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Townhomes and single-family residences are seen near the Montaine community on Oct. 17, 2022, in Castle Rock. (Olivia Sun, The Colorado Sun via Report for America)

An effort by conservative fiscal activists and GOP-led counties to block a 10-year property tax plan formed by Gov. Jared Polis and Democrats in the legislature from going before voters in November was denied Friday by a Denver judge. 

Denver District Court Judge David H. Goldberg found that he didn’t have jurisdiction to consider the case. But he also rejected arguments that Proposition HH violates requirements in the state constitution that ballot measures deal with a single subject and have clear titles.

The plaintiffs in the lawsuit, filed in May, included Advance Colorado, a conservative political nonprofit, and more than a dozen Colorado counties controlled by Republicans. Several GOP county commissioners and Republican current and former politicians also signed onto the legal action. 

“Prop. HH undoubtedly violates the single-subject and clear-title provisions in our constitution,” Michael Fields, who leads Advance Colorado, said in a written statement Friday. “We plan to appeal this decision.”

The appeal will go directly to the Colorado Supreme Court.

Polis’ office said the governor “appreciates the court’s ruling to allow the voters the opportunity to enact Proposition HH as passed by the legislature.” Senate President Steve Fenberg, D-Boulder, celebrated the ruling.

“I am pleased that the court today agrees that voters should have their say,” Fenberg said in a written statement.

Sen.Chris Hansen, a Denver Democrat and an architect of the proposal, calling the ruling “clear and decisive.”

Proposition HH was placed on the November ballot through a bill passed by the legislature in May. It’s meant to respond to massive increases in Coloradans’ property tax bills starting next year caused by a sharp spike in property values. The median increase in home values across the state in May when county assessors determined property values was 40% since June 2020, the last time assessors determined property values.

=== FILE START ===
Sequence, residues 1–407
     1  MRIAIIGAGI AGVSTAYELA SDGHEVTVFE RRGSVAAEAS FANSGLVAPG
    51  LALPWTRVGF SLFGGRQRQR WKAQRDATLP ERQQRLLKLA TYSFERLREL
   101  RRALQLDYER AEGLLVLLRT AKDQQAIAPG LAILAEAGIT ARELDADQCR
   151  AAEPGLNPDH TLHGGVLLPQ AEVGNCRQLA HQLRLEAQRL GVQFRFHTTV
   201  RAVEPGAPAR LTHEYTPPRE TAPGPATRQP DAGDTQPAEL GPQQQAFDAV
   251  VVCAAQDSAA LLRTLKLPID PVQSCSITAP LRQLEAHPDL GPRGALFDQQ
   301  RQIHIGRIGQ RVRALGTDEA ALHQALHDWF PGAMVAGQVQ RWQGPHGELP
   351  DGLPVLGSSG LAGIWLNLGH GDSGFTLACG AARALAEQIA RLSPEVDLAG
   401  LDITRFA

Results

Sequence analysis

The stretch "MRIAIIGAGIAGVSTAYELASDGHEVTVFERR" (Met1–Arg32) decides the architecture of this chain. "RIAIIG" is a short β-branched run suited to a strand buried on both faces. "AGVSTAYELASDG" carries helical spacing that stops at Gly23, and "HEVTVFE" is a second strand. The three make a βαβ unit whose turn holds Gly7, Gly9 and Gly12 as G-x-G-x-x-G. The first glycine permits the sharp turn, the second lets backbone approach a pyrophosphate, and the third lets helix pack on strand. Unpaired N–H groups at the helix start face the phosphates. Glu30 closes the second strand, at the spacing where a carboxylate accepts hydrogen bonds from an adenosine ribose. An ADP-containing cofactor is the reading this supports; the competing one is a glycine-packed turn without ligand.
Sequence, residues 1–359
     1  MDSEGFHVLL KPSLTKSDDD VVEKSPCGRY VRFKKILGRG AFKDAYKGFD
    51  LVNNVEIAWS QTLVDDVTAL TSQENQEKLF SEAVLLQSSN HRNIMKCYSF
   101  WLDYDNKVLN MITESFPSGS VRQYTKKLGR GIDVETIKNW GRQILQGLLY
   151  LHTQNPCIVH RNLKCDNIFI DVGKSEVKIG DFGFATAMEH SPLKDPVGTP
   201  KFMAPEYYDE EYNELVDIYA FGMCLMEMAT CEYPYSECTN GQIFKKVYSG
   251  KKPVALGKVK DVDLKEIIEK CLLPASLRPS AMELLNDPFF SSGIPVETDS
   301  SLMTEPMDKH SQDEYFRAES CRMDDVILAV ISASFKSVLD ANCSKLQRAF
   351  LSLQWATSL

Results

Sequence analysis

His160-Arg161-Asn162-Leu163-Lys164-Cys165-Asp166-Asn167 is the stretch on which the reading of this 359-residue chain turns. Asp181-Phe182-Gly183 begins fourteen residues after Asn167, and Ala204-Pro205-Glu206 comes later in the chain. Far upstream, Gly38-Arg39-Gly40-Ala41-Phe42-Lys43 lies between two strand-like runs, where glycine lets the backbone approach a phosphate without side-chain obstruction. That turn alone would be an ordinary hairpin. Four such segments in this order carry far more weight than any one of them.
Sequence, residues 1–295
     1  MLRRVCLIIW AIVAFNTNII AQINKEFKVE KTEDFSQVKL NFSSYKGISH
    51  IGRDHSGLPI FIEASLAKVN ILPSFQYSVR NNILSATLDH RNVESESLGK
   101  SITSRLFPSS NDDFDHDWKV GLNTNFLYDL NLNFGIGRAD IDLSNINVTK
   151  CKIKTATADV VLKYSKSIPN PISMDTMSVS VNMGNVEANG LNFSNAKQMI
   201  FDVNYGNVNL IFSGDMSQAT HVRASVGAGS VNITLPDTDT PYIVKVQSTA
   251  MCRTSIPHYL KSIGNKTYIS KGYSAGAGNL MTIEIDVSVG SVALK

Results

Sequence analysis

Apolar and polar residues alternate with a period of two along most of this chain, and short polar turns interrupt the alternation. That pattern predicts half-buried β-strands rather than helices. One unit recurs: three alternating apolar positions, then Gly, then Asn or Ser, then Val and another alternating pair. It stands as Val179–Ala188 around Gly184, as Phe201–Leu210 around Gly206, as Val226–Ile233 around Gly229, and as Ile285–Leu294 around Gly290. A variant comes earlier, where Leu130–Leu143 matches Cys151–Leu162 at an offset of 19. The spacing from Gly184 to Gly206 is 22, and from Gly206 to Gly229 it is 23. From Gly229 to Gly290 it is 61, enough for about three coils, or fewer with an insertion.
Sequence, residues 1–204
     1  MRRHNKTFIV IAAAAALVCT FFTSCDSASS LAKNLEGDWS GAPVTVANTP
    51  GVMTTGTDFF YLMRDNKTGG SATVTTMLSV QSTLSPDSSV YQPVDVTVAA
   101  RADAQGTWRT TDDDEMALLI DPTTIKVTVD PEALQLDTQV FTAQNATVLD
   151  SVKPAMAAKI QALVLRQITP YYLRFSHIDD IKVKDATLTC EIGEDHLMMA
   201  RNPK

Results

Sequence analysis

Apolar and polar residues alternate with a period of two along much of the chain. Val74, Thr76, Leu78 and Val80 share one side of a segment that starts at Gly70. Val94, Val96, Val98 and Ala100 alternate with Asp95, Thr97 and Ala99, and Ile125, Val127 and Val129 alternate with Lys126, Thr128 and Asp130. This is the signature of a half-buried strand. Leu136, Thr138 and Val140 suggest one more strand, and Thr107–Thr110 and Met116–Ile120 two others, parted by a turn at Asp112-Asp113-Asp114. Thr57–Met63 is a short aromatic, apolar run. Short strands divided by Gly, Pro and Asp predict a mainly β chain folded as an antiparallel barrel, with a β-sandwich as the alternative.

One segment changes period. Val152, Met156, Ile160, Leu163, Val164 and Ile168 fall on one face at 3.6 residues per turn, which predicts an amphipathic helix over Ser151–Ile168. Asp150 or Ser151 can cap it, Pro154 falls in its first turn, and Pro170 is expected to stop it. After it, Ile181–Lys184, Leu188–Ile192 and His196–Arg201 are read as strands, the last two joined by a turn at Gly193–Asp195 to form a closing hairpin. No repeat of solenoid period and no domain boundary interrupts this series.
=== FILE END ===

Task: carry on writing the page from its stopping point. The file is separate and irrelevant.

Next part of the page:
Here’s how it would work for residential property:

  • The residential assessment rate would be reduced to 6.7% from 6.765% in 2023, for taxes owed in 2024, and to 6.7% from 6.976% for taxes owed in 2025. The 6.7% rate would remain unchanged through the 2032 tax year, for taxes owed in 2033.
  • In addition to the assessment rate cuts, residential property owners would get to exempt the first $50,000 of their home’s value from taxation for the 2023 tax year, a $10,000 increase made through an amendment adopted Monday. Residential property owners would then get to exempt $40,000 of their homes’ values from taxation for the 2024 tax year. The break would persist until the 2032 tax year, except for people’s second or subsequent single-family homes, like rental or vacation properties, which would stop being subject to that benefit in the 2025 tax year. 

Here’s how it work for commercial property:

  • For commercial properties, the assessment rate would be reduced to 27.85% through 2026, down from 29%. The state would be required to evaluate economic conditions to determine if the rate reduction should continue. If the rate reductions persist, the commercial assessment rate would be reduced to 27.65% in 2027, 26.9% in 2029 and 25.9% starting in 2031. 
  • For agricultural properties and properties used for renewable energy, the assessment rate would be reduced to 26.4% from 29% through the 2032 tax year. For properties that fall under both classifications, such as those used for agrivoltaics, the rate would be cut to 21.9%.

How are property taxes calculated?

Property taxes are determined by how much your county assessor values your property, what the state’s property assessment rate is and what your local mill-levy rate is.

A mill is a $1 payment on every $1,000 of assessed value.